Sherlock Holmes Characteristics

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Holmes’s heroic performance in the Civil War in a sense previewed his performance in civil life. Holmes had courage in battle, but his real heroism was of another order. The older heroism of the battlefield became the superior heroism of the mind, the hero as thinker. Some of the personality and character traits he showed as a soldier he showed again later as a scholar and judge. Just as Holmes during the war was in the first rank courageously waving his sword and leading an infantry charge, so too in law he was in the first rank bravely wielding his pen and leading an assault, implicitly shouting, “Will no one follow me?” Just as in war he marched into what he called “debatable land,” so too as a legal thinker he marched into debatable intellectual territory. But there was…show more content…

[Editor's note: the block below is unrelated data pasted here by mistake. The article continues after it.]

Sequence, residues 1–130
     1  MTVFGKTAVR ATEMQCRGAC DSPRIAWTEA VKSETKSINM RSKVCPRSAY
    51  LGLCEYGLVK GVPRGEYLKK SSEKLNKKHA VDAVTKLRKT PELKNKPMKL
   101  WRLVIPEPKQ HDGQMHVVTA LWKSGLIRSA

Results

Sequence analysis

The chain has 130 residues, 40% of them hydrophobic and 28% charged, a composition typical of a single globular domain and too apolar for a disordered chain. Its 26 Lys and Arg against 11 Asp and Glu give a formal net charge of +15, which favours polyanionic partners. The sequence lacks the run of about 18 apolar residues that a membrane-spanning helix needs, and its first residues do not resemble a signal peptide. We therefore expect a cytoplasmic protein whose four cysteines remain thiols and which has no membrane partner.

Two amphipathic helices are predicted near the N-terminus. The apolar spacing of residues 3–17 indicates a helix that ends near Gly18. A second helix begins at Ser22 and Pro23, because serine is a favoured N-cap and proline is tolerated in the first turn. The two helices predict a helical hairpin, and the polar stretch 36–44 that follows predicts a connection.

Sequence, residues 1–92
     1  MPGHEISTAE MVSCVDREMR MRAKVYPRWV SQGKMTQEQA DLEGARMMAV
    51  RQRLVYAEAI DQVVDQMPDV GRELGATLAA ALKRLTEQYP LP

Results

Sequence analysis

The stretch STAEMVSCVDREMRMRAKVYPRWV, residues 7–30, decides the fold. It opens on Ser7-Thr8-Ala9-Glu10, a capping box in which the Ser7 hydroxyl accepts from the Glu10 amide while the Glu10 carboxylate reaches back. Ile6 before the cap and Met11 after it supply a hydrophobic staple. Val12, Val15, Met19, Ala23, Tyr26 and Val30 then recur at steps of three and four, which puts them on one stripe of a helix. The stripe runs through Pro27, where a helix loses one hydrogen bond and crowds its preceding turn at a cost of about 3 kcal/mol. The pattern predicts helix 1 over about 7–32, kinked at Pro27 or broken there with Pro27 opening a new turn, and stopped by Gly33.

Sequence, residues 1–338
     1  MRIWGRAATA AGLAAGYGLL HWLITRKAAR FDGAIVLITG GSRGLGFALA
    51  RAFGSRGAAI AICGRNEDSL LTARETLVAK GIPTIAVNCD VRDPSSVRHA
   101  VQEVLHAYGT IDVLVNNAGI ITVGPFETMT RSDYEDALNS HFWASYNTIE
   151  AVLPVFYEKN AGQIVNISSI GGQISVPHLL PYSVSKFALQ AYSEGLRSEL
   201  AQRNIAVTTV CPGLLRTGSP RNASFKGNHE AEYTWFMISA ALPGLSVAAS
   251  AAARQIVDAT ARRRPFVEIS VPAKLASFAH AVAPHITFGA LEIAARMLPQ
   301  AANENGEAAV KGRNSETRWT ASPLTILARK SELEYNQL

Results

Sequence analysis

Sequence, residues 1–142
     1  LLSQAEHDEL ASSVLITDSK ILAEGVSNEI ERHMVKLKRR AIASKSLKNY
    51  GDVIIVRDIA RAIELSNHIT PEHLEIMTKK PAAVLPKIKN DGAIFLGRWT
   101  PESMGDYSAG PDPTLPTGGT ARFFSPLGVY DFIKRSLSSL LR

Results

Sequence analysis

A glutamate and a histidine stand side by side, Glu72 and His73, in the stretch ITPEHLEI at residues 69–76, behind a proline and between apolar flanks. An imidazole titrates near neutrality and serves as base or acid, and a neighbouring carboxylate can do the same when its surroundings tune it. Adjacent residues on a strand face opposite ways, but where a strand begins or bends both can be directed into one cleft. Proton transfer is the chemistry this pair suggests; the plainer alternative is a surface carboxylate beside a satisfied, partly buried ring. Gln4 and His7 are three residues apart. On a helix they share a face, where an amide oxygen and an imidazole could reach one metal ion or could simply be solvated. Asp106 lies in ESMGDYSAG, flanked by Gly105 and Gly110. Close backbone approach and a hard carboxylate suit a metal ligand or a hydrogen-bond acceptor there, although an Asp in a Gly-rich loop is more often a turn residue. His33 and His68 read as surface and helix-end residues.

Besides his daily tasks as a shirtsleeve lawyer, he somehow also found time to read, think and write about the law. He totally immersed himself in the law. Almost obsessively, and to the exclusion of everything else, he devoted whatever free time he had to these intellectual activities. A regular day of law practice done, Holmes went to the law library for hours of research for his scholarly writing. Holmes viewed his intellectual efforts as heroic. “To think great thoughts,” he said to Harvard students in 1886, “you must be heroes as well as idealists.” He was referring again to the extreme loneliness and uncertainty of original intellectual work. “Only when you have worked alone — when you have felt around you a black gulf of solitude more isolating than that which surrounds a dying man, and in hope and despair have trusted to your unshaken will — then only will you have achieved.” We hold dear the notion of the solitary thinker or creator, courageously overcoming the odds. Holmes was now trying to vanquish a new, perhaps more dangerous Confederacy, the confederacy of dunces allied and arrayed against
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